Thoughts From Boston 4: Accelerants
Why I Need an Editor (and you do too)

Rich People Getting Their Feelings Hurt

I cannot possibly jump into every online controversy that pisses me off, so I'm issuing this blanket statement. 

I no longer want to hear about rich people getting their feelings hurt. 

Let me clarify.  Rich people are, of course, people, and, as a result, it is a shame when they get their feelings hurt.  But it is not a social justice issue.

And yet on the internet, rich people getting their feelings hurt gets conflated with actual injustice all the time.  And they are not the same thing.  

A few weeks back, lots of people were sharing this New York Times piece about a guy who decided to boycott a deli because an employee of the deli accused Forest Whitaker of shoplifting.  This was supposed to be some kind of big thing about racism and how everybody's racist and his wife's bigotry is totally justified or something.  

But here's the thing: at the end of the day, whose life would you rather have: the guy working for maybe 10 bucks an hour in a Manhattan deli, or the millionaire actor?  If you said the deli guy, you are either profoundly racist or profoundly stupid.

Remember the controversy when Massachusetts screwed over foster kids with empty promises of free college tuition?  Me neither. Like most things that only affect the most vulnerable members of our society, it went pretty much unnoticed. But I know every time Jodi Picoult gets pissed at the New York Times.

It sucks to get your feelings hurt. It sucks to be humiliated by assholes.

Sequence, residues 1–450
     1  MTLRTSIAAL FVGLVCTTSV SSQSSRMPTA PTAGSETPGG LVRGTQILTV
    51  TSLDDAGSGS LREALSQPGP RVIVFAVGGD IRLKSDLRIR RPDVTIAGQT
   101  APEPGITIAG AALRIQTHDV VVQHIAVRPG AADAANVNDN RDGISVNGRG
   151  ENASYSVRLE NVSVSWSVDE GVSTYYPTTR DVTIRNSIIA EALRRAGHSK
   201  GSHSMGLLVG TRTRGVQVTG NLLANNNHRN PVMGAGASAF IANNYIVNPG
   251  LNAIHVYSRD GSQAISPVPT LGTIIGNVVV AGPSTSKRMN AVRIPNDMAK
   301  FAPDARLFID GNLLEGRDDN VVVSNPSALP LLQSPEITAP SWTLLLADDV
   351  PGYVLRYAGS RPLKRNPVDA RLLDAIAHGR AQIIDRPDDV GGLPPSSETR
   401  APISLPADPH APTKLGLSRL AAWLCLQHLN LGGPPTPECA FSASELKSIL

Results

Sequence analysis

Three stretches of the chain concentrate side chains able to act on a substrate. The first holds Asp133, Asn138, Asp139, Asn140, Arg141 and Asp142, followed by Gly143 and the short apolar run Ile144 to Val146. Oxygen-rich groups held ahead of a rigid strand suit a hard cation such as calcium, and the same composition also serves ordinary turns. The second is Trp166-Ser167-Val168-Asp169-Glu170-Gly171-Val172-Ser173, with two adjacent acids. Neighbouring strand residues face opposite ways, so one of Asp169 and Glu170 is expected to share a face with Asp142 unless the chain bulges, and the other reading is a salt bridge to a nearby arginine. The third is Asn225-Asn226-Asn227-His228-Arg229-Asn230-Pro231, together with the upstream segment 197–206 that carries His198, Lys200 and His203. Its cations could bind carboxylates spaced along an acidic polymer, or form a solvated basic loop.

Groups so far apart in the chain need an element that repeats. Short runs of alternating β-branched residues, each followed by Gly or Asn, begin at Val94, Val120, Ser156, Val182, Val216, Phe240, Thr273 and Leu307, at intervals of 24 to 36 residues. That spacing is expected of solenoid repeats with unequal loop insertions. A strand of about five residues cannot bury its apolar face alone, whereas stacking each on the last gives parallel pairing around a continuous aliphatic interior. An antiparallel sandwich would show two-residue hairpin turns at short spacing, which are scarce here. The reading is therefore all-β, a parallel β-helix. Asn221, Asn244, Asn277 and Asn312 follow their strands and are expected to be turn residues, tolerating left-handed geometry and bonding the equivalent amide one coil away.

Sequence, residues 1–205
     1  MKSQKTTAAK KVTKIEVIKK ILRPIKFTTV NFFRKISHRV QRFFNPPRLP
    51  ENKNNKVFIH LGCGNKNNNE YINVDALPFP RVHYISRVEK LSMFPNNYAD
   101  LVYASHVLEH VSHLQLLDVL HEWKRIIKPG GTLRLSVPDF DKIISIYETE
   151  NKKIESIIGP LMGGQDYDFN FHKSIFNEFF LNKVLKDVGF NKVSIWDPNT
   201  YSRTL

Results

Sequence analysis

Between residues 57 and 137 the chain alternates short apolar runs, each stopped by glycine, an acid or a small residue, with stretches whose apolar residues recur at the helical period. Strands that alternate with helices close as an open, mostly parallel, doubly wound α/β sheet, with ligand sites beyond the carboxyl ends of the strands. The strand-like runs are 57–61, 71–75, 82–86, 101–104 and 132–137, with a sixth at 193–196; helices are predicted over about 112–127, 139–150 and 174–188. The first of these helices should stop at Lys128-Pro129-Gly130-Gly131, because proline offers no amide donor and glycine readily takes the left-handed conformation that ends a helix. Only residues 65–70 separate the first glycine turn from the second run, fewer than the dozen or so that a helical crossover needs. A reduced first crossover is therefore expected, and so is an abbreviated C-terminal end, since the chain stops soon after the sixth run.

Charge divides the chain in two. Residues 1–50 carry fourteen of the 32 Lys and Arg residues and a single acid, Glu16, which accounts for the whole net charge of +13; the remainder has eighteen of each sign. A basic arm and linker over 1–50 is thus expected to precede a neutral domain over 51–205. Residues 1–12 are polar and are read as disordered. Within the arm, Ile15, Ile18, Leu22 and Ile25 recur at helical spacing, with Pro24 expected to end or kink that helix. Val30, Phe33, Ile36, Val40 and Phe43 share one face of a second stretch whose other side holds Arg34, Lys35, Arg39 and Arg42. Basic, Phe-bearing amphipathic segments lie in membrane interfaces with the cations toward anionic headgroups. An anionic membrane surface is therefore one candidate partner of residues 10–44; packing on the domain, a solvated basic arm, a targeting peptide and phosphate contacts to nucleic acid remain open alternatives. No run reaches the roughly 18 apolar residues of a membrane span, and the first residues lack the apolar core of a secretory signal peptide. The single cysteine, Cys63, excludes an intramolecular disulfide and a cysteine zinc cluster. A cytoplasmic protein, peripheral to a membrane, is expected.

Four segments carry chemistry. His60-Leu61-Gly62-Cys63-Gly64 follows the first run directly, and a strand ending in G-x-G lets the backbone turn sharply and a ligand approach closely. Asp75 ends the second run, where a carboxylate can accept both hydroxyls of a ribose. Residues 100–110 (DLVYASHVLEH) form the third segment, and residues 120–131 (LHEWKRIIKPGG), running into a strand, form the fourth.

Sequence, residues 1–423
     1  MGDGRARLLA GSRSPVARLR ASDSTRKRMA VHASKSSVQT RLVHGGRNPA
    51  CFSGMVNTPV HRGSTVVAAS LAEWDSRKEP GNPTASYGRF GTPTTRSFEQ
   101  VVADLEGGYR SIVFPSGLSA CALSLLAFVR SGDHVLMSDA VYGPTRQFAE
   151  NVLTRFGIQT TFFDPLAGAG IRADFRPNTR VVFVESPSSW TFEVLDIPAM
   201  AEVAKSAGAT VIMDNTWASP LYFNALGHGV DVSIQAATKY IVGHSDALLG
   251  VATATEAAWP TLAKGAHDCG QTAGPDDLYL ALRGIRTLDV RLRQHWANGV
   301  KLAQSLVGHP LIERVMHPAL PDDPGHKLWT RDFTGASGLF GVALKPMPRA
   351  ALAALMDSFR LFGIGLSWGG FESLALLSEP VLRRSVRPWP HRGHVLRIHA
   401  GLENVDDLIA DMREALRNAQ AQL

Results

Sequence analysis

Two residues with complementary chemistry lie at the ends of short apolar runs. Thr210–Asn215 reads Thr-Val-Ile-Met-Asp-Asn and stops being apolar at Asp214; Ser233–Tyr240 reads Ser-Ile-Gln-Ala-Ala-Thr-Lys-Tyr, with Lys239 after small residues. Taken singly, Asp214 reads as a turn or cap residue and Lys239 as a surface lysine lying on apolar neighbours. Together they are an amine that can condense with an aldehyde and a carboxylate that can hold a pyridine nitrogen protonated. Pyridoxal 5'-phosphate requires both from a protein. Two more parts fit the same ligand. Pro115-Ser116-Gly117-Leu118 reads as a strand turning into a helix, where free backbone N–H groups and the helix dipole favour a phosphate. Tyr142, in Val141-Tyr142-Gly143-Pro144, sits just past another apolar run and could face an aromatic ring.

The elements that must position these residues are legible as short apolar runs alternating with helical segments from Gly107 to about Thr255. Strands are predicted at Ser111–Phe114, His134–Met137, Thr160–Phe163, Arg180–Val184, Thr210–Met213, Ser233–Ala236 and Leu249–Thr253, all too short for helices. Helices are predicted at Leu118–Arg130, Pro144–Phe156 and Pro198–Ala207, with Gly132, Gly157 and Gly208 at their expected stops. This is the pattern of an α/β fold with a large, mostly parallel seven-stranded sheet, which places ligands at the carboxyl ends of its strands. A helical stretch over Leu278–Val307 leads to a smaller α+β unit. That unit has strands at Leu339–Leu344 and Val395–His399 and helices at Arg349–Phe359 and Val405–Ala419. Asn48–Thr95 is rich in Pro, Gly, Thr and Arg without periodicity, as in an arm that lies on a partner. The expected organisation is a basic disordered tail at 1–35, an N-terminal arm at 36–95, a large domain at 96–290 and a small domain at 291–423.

You know who gets humiliated by assholes every day? Poor people!  If you've never been broke enough to experience the kind of humiliation that millions of people in this country experience on a daily basis, good for you. If you have, you know what I'm talking about.

We live in a society where the game is rigged to screw poor people, and where people who are not poor benefit from systems of oppression.  If you are an economically successful person in this country--male, female, black, white, straight, gay, whatever-- you benefit from these systems.  And it's true that sometimes your class privilege may be incomplete and someone might hurt your feelings.  But you know what? At the end of the day, you are part of the ruling class of this country.  I don't want assholes to hurt your feelings, but let's not confuse this phenomenon with actual oppression.

And I think there's a danger in all this, which is that people conflate sharing some article about a rich person's feelings with actually taking a stand on an issue of consequence.  I think people can overlook their own complicity in oppression by complaining about how some other members of the ruling class have it better than them.

I know life's winners will never stop complaining that there is someone else who is maybe winning a little more than they are.  But I do wish that we could stop pretending that this is an issue of societal importance when it's really just a case of rich people getting their feelings hurt.